What’s the best berberine supplement out there? This is a question we were getting a lot because there is a lot of rave about berberine and its potency as a blood sugar reducer. Is this supplement the real deal, and if so, is there a specific supplement type or brand to aim for?
Before we identify the most preferred berberine supplement, we want to discuss a thing or two about berberine for those unfamiliar with it. The name is still alien to much of the general public. It’s not an obscure compound by any means, though. It’s been around as an herbal remedy in non-western countries for at least 3,000 years.
Berberine is an alkaloid compound found in several plant species, including the goldthread and European barberry, the latter of which the compound takes its similar name from.
Berberine has long been a sought-after substance due to its anti-inflammatory and antibacterial properties. It’s actually a popular folk remedy for treating a number of ailments, including diarrhea, food poisoning, and external wounds.
Recent studies, though, show that the benefits of this botanical extract may be far more reaching than previously believed. This post is about berberine for controlling blood sugar. However, it’s just as beneficial for lowering LDL cholesterol, preventing heart failure, offsetting fatty liver disease, and treating depression.
People for ages have been wanting to know how to lower blood sugar immediately without resorting to pharmaceuticals. The world at large, after all, is sort of in the midst of an anti-big-pharma revolution. People are gravitating towards natural cures, and berberine looks to be a promising candidate; the studies back this up.
One study compared the use of berberine with the common diabetes drug metformin. Subjects in the study took 500 milligrams of berberine up to three times daily for 90 days. Researchers concluded that the results were comparable to metformin.
Another study concluded that berberine is effective as an oral hypoglycemic agent and regulating blood glucose.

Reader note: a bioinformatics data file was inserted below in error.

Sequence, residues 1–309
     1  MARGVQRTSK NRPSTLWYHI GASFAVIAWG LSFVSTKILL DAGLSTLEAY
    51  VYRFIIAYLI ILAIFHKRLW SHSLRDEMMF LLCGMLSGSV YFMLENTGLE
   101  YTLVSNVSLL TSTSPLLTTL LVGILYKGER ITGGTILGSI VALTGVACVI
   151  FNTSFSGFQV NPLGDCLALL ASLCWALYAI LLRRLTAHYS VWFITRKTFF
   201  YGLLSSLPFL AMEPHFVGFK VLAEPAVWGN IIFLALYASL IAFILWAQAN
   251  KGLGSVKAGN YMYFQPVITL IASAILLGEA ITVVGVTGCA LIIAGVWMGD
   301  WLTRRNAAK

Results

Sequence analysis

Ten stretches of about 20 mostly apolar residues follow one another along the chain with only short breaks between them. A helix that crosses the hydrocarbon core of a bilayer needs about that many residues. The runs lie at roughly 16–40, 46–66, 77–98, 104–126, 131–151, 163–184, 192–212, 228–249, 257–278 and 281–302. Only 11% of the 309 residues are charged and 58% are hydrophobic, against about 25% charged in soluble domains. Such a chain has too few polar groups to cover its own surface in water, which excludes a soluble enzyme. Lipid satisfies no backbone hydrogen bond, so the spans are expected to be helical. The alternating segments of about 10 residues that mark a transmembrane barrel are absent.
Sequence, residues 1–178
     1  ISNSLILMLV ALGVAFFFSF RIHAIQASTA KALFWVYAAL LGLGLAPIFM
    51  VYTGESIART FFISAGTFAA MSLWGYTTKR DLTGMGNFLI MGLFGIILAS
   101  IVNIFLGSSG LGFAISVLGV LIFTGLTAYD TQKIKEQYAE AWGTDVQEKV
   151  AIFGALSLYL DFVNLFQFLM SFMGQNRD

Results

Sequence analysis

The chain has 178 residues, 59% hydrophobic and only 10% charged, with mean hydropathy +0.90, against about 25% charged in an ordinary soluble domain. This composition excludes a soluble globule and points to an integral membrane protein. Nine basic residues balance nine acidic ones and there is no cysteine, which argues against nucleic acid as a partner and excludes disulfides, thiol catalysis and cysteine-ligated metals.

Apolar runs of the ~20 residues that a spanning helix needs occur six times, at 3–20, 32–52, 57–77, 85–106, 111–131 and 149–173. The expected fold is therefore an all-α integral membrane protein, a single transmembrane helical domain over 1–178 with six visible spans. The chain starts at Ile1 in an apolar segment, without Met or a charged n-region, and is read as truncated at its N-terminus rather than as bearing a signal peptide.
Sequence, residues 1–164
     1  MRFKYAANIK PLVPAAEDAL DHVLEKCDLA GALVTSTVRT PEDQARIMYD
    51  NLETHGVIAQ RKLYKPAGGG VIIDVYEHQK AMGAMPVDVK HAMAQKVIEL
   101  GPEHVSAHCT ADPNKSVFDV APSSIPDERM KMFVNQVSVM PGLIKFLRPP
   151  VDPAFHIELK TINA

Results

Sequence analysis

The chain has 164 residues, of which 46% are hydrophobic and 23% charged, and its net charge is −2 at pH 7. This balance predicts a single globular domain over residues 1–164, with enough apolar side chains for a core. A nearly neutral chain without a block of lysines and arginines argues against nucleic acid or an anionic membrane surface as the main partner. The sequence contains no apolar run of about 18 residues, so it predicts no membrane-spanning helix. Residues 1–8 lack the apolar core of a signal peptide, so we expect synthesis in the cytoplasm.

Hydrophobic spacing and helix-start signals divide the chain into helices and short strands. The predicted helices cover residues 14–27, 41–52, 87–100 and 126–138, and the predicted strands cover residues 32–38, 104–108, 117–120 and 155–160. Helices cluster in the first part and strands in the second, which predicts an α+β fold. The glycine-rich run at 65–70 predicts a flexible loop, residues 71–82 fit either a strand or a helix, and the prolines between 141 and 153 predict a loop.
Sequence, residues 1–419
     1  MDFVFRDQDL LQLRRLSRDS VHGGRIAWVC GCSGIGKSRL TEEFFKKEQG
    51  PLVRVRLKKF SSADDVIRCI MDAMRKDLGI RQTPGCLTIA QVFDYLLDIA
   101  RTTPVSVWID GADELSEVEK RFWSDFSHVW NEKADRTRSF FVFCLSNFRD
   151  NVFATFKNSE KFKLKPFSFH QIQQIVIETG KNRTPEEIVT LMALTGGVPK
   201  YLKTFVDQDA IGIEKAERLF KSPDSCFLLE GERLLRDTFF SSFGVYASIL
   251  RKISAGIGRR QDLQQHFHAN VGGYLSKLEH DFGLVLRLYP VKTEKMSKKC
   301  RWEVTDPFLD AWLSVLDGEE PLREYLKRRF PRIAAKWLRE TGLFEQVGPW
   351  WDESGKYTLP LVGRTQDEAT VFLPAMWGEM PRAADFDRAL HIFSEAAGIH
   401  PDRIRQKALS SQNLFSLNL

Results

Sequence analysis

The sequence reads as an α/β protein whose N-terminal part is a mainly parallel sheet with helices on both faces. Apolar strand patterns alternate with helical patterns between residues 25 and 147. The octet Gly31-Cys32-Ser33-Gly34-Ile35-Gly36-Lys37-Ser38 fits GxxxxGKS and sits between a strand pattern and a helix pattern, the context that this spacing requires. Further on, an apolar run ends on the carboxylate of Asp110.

In a study published in the Journal of Molecular Endocrinology, berberine improved vasodilation and reduced hypertension in diabetic rats.
How is berberine supplementation one of the best ways to lower blood sugar? It all comes down to monophosphate-activated protein kinase (AMPK) activation. AMPK is an enzyme that resides in cells and plays a huge role in metabolism regulation. It controls a range of biological activities, including glucose and lipid control. Studies show that berberine is a major player in AMPK activation.
Researchers believe that when AMPK is inhibited, metabolic syndrome soon sets in. In turn, this triggers a number of diseases, including hormonal imbalance, hyperglycemia, and type 2 diabetes. Researchers have compared the effects of AMPK activation to that of exercising and healthy dieting, both of which are essential for longevity and maintaining quality of life.
Long story short, AMPK is essential for cellular function and keeping the body in homeostasis. If you want to know how to reduce blood sugar, you need to maintain normal AMPK activation and refrain from lifestyle factors that suppress it.
Other ways you can activate AMPK include:
Don’t expect to find ground berberine in the supermarket. The most accessible way, therefore, is via supplementation. We don’t think there is a single berberine supplement that is best, though we do think there are some brands that are clearly better than others.
With berberine, any source will do. As we said earlier, the alkaloid comes from various tree species. Whether the manufacturer gets its source from the barberry, goldenseal, or other tree is not important. There is no research at this point suggesting one source may deliver more potency than another.
It also doesn’t matter whether you take berberine as a standalone supplement or if it’s one of multiple ingredients, such as in the case with our blood sugar-lowering supplement Sensolin.
If you opt for a standalone berberine supplement, we recommend looking carefully at the capsule. The powder inside should be yellowish, berberine’s natural color. Any other color suggests dilution via inactive ingredients.
Beyond that, stick to the same rules regarding supplements in general. This means steering clear of unnatural ingredients, excessive fillers, and proprietary blends. The last point is a gimmick for manufacturers to not fully disclose the ingredients.
Keep in mind that berberine may also go by other names, such as berberine hydrochloride, barberry root extract, or berberine phellodendron extract. These all more or less refer to the same substance.
Berberine is one of many compounds for lowering blood sugar that come courtesy of mother nature. If it’s available in nature, then you don’t need a synthetic substitute. A berberine supplement like Sensolin will prevent unhealthy blood sugar spikes, though you also have to do your end by making sound food choices.
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